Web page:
The finance ministry of France wants new powers to track the bank accounts of people who have come under the suspicion of the intelligence agencies, they say, to combat terrorist financing.
The French government said they will propose new measures in January to strengthen the powers of Tracfin, the anti-money laundering agency of the finance ministry, giving it the ability to access to the financial dealings of anyone listed on a database of persons wanted by police.
The database is called the FPR and includes some 10,500 persons designated Fiches S, a label given to those under suspicion without having committed any crimes.
The use of the term ‘radicalised’ is included in the grab for power, also included persons who pose a ‘potential’ threat, such as organised criminals and perhaps those deemed the ‘alternative media’. The draft appears to include persons not under full-time surveillance because of the manpower numbers.
Former President Nicolas Sarkozy said those on the list should be electronically tagged.
Finance minister Michel Sapin, said on Monday :
“There is to be an initiative to improve the supervision of prepaid bank cards, which played a role in the preparation of the attacks of November 13.”
“The cards work like common credit cards, except they are more difficult to track because they do not require identification of their user. Under current rules, single-use cards of up to 250 and those that are refilled up to a total value of 2,500 a year do not require users to show identification. This is set to be tightened in the first quarter of 2016. The struggle against terrorism’s first and foremost [for us] a struggle against it’s financingÂ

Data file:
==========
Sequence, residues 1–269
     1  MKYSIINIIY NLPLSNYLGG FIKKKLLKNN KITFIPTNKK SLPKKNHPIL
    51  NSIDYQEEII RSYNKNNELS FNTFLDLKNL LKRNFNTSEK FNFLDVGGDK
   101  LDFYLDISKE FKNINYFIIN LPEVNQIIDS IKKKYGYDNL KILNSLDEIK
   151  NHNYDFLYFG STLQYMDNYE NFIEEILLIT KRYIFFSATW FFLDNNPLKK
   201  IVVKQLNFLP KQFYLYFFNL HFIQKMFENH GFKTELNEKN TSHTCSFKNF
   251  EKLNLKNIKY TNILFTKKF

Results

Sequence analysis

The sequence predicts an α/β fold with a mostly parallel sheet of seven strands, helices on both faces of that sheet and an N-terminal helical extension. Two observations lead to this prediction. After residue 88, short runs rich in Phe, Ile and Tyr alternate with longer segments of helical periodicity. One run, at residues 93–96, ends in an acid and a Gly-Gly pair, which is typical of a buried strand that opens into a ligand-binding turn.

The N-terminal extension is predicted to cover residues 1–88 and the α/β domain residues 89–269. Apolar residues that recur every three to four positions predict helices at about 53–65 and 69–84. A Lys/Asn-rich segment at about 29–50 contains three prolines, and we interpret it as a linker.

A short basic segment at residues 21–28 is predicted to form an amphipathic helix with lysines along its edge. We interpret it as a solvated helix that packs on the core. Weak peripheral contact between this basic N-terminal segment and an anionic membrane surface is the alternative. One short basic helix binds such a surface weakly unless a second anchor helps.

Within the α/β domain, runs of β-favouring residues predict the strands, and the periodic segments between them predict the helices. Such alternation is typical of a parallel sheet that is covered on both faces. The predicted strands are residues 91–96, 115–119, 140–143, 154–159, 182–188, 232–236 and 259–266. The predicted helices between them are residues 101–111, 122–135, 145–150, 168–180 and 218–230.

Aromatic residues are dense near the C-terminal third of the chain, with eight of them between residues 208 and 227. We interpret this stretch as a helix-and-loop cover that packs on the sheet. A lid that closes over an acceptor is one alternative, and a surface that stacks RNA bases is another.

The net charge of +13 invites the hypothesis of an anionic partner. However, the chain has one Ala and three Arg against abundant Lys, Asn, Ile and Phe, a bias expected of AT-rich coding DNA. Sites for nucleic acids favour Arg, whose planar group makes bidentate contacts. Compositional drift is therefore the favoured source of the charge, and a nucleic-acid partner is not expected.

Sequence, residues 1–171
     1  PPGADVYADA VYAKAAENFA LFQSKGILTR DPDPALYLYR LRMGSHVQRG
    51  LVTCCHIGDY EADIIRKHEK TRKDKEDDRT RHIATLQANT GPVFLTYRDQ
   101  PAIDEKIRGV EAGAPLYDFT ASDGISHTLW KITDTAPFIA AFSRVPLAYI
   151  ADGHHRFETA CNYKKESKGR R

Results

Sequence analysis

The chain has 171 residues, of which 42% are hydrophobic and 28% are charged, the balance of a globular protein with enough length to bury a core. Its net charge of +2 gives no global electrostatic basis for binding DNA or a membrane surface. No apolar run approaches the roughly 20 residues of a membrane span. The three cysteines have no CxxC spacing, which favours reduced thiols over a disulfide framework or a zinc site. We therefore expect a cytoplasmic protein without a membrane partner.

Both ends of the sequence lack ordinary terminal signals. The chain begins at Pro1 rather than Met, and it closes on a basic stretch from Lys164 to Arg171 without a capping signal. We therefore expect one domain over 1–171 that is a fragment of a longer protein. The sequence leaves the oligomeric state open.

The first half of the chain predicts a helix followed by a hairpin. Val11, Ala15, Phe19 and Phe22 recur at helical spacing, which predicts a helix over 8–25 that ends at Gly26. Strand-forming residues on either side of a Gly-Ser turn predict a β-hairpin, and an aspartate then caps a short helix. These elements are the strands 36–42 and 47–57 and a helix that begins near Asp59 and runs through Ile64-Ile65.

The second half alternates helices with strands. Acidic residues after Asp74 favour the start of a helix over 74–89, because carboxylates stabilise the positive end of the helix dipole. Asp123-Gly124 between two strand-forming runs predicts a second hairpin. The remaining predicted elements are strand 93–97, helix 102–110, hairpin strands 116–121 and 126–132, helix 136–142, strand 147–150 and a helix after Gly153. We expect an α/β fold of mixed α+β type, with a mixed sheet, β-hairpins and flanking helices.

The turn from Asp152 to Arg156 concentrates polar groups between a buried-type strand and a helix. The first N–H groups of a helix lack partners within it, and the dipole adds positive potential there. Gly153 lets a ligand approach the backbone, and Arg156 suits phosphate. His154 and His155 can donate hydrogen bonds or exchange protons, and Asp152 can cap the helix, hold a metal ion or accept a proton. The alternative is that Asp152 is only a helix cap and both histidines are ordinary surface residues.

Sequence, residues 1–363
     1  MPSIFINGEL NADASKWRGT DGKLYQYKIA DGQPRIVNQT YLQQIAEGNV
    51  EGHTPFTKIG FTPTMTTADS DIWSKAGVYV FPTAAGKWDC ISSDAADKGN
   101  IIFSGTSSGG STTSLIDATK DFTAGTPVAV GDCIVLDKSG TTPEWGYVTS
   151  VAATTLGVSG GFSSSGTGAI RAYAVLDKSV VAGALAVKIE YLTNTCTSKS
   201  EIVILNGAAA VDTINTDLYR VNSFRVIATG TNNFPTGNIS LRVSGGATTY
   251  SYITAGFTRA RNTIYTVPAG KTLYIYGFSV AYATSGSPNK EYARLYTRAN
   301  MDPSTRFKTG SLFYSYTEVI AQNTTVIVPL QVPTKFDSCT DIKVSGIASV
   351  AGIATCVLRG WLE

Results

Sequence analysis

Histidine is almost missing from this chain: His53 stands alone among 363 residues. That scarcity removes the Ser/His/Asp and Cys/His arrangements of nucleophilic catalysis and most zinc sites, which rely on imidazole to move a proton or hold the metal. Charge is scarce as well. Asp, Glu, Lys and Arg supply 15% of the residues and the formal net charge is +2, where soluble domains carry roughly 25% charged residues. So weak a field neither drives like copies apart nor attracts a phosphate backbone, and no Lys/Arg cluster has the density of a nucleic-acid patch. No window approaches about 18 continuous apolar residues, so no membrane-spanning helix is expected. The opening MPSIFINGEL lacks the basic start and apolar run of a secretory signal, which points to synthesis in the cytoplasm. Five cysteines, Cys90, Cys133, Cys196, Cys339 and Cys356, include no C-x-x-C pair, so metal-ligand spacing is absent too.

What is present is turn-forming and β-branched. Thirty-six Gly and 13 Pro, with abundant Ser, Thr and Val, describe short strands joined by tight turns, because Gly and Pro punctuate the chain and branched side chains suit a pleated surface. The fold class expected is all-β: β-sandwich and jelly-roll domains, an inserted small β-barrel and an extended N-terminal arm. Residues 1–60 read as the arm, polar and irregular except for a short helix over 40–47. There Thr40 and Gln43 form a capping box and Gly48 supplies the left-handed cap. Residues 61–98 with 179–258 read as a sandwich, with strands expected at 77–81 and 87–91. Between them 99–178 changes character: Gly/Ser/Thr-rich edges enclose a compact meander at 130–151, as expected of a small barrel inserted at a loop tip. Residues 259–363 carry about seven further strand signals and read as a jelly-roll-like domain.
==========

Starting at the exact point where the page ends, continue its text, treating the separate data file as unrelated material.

These prepaid cards are issued abroad, and used in France at random or to pay for hotel rooms, said Bruno Dalles, the head of Tracfin, referring to the hotel rooms where the Paris terrorists slept the night before the attack.”
It is used in the underground economy, in organised crime,
“Tracfin will be able to freeze bank deposits, property and welfare payments of those who attempt, or have committed, acts of terror.
We have received messages of sympathy and support of our colleagues abroad, but now we must go beyond the emotion, he said.
He also demanded better access for Europeans to data on the Swift transactions system, which accounts for over 90 per cent of international money transfers but is controlled from the United States.
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